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Possible to see a water molecule?

  1. Jul 11, 2014 #1
    Are there ANY possible photographic or other types of images of a water molecule?

    Or are they simply too small to get an image of?

    Thank you.
  2. jcsd
  3. Jul 11, 2014 #2


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    Staff: Mentor

  4. Jul 11, 2014 #3


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    Staff: Mentor

    A conventional image using visible light reflecting off of it? No. It's too small.

    However, there are other imaging techniques, such as electron microscopes that could do it.
  5. Jul 11, 2014 #4


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    The first imaging of atoms dates back to 1981 using a scanning tunneling microscope [STM], for which Binnig and Roher received a noble in 1986 - see http://www.nobelprize.org/nobel_prizes/physics/laureates/1986/press.html. The atomic force microscope, an offshoot of the STM was invented by Binnig in 1986. It was able to image carbon atoms last year, which raised quite a stir in the nanotech industry - see http://petapixel.com/2013/05/31/sci...s-photos-of-molecules-forming-chemical-bonds/. I'm not aware of any water molecule photos.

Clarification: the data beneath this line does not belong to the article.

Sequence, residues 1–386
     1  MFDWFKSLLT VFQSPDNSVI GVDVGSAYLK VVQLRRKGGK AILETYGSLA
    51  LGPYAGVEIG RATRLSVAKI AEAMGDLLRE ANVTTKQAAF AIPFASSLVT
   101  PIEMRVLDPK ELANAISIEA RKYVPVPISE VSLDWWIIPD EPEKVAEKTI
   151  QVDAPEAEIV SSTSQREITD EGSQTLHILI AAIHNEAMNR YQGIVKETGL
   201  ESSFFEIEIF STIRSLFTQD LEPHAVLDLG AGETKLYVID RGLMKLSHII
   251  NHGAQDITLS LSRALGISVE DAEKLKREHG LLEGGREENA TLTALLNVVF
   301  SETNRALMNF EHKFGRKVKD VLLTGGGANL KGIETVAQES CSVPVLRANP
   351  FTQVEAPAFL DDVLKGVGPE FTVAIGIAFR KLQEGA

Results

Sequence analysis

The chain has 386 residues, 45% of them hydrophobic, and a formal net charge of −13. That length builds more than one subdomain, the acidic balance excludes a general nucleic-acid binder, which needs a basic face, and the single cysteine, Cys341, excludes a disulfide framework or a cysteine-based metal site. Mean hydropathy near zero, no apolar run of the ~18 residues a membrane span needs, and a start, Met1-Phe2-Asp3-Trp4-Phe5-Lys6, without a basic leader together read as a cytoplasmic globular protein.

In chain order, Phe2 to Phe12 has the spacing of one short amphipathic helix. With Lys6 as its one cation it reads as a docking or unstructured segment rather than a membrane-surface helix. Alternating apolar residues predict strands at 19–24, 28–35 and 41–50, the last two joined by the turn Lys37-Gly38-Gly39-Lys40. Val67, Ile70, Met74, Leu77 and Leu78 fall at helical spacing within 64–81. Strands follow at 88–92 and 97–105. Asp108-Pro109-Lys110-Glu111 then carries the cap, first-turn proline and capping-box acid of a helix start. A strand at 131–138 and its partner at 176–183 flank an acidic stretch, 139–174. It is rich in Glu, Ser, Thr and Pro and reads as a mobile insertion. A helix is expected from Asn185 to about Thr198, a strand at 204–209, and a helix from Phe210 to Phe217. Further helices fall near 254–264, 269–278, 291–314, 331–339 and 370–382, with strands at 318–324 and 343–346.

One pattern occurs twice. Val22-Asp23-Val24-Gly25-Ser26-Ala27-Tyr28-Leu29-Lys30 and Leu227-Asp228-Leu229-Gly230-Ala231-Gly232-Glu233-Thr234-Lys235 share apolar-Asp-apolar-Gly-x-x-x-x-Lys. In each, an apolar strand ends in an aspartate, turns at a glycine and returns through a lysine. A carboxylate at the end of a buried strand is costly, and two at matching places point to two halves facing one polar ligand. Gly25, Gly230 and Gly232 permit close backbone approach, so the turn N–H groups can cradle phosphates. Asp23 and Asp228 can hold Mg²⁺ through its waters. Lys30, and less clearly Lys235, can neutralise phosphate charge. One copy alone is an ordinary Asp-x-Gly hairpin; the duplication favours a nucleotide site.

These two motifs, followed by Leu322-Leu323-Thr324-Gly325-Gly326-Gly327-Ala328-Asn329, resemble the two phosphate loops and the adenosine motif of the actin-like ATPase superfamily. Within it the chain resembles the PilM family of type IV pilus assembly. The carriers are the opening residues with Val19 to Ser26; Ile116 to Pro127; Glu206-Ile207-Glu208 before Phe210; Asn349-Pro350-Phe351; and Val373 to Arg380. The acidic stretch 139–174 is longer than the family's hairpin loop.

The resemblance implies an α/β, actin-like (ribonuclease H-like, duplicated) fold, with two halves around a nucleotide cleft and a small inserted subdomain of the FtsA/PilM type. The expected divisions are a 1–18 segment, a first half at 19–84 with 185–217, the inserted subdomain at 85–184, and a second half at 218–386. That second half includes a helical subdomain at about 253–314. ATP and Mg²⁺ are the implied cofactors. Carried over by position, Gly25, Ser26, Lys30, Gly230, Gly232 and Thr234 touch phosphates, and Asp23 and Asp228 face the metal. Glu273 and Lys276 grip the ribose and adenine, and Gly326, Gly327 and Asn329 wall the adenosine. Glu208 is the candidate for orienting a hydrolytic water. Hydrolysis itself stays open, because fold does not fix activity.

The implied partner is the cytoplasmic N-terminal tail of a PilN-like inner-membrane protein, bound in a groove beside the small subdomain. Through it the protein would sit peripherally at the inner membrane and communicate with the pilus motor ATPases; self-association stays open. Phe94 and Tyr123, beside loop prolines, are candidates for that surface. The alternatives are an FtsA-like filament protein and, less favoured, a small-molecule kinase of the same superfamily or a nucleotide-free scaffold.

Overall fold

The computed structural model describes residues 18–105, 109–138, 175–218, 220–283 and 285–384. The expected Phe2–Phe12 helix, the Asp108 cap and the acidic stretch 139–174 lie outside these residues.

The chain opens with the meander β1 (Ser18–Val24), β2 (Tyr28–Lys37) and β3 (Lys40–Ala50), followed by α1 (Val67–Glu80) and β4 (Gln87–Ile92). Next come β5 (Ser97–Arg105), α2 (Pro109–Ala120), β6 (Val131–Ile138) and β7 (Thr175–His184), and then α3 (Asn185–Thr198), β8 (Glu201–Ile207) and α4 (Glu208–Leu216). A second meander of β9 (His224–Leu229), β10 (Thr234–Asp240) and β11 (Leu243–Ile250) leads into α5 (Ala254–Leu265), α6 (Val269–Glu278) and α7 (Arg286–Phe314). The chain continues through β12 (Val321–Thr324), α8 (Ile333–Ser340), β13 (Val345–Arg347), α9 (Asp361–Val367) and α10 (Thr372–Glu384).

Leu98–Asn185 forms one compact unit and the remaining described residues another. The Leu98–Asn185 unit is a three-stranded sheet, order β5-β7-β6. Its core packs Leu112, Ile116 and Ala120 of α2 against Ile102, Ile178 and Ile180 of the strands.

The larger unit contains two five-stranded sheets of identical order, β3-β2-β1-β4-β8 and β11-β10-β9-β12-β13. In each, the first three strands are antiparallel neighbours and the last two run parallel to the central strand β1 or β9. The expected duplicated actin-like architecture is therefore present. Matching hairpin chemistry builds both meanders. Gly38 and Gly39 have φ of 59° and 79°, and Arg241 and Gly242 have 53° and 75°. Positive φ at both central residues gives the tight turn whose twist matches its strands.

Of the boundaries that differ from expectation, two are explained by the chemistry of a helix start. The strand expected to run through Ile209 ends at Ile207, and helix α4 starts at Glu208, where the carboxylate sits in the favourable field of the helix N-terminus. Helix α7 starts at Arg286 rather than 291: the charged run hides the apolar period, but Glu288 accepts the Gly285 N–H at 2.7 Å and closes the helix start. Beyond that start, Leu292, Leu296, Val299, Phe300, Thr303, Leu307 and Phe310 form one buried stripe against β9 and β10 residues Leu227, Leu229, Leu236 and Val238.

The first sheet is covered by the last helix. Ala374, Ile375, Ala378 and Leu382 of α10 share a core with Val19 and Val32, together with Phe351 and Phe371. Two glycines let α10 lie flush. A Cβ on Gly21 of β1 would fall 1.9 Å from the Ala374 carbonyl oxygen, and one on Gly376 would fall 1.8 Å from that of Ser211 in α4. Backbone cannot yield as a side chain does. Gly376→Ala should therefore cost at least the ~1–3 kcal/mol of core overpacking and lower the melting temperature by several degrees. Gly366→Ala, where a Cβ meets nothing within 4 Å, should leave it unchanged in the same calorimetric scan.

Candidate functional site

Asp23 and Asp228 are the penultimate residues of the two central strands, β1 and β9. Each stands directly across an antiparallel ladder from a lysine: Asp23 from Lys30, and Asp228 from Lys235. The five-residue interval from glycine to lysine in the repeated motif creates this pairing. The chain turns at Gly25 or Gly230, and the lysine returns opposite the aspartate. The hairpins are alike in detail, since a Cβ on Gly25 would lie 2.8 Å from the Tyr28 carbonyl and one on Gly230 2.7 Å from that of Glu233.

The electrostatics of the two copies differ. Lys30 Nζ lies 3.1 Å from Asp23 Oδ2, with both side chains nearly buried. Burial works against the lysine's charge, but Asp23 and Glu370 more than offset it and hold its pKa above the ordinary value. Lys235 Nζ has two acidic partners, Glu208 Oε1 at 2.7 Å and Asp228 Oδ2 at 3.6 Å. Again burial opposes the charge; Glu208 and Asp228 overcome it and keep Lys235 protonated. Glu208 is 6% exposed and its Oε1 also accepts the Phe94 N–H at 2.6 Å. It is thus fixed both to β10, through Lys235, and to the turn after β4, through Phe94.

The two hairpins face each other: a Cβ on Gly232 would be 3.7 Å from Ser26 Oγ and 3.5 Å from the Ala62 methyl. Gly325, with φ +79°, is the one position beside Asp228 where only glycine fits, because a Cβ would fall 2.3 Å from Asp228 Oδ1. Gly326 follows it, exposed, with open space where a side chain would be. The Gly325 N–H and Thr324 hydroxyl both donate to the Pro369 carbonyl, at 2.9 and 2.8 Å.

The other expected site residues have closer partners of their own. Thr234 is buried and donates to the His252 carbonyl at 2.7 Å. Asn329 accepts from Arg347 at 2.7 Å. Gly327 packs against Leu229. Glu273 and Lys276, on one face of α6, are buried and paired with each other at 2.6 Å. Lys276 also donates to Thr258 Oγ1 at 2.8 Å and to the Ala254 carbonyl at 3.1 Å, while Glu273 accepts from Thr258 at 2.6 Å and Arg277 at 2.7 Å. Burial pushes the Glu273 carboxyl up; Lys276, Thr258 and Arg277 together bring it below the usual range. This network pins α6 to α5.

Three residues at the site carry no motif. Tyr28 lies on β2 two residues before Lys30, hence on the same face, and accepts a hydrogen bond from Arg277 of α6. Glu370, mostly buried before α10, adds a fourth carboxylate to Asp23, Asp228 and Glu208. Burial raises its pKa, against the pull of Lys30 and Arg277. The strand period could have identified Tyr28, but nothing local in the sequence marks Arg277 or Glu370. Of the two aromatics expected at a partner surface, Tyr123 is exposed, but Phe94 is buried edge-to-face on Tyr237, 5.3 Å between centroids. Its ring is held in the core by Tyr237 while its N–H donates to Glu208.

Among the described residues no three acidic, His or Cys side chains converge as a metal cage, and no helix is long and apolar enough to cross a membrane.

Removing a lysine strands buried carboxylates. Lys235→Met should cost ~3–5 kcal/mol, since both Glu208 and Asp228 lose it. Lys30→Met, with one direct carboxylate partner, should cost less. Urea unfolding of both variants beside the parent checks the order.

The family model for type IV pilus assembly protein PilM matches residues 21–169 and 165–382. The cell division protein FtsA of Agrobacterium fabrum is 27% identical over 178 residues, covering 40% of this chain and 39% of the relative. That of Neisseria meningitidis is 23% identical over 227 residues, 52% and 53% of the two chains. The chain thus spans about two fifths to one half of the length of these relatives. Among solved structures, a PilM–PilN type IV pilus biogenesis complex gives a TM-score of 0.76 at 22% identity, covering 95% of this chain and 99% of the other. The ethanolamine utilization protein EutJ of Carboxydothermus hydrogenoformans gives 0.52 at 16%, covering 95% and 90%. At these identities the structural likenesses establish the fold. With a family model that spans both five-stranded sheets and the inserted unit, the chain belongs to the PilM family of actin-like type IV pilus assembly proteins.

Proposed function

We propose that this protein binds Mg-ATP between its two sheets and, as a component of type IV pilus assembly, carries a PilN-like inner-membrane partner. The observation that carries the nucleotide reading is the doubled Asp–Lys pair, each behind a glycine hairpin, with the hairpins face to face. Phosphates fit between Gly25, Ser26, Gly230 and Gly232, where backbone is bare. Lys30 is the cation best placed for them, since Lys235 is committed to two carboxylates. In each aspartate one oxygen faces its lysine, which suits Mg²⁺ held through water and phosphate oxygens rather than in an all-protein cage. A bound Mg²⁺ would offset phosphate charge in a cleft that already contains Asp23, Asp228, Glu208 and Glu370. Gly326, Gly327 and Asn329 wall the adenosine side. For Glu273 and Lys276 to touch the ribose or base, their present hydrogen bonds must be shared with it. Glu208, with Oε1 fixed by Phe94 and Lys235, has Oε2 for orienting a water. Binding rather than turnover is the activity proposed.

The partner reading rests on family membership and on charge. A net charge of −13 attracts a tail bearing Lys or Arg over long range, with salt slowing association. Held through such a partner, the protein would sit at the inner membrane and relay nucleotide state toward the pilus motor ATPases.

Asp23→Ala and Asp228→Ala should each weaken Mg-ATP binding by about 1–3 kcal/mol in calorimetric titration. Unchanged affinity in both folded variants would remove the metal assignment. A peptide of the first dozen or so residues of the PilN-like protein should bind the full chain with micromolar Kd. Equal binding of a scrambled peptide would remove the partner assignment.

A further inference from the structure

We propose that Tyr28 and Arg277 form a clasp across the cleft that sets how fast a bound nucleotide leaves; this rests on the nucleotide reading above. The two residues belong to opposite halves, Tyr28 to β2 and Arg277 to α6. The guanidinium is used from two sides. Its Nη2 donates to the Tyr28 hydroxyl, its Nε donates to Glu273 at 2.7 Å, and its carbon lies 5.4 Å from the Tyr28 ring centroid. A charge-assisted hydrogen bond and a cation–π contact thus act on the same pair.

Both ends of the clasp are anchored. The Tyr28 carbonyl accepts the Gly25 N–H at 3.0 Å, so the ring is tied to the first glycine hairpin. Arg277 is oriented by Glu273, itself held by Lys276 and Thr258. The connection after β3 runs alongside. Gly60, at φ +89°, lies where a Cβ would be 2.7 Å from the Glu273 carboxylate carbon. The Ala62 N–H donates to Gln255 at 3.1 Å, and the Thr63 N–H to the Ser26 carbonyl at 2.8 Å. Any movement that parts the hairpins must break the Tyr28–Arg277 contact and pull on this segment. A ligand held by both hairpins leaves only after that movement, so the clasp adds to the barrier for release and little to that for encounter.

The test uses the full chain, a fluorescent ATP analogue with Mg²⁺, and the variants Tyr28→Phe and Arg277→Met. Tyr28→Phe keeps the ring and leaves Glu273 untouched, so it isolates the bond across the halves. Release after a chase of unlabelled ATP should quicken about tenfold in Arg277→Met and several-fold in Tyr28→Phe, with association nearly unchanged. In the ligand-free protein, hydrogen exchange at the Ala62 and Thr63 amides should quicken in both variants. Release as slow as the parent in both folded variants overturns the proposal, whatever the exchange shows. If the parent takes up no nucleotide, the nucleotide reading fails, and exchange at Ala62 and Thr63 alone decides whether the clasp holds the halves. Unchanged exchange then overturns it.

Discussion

6. Jul 12, 2014 #5
    Thank you all for your replies, links and explanations. I am fascinated by this, though by reading Brian Greene's book The Elegant Universe at the moment, I'm starting to realise that it isn't possible to apply 'classical' thinking or seeing to the quantum world. Kind of natural to want to do so though. On this question, then, if a water molecule is too small to photograph, how is it H20 molecules don't go through skin pores? I read that Essential oils can permeate the skin and enter the blood stream. And skin pores can be easily photographed with a coloured scanning electron micrograph machine, so surely if H2O molecules are invisible they should be able to go into the bloodstream through pores ?
    Last edited: Jul 12, 2014
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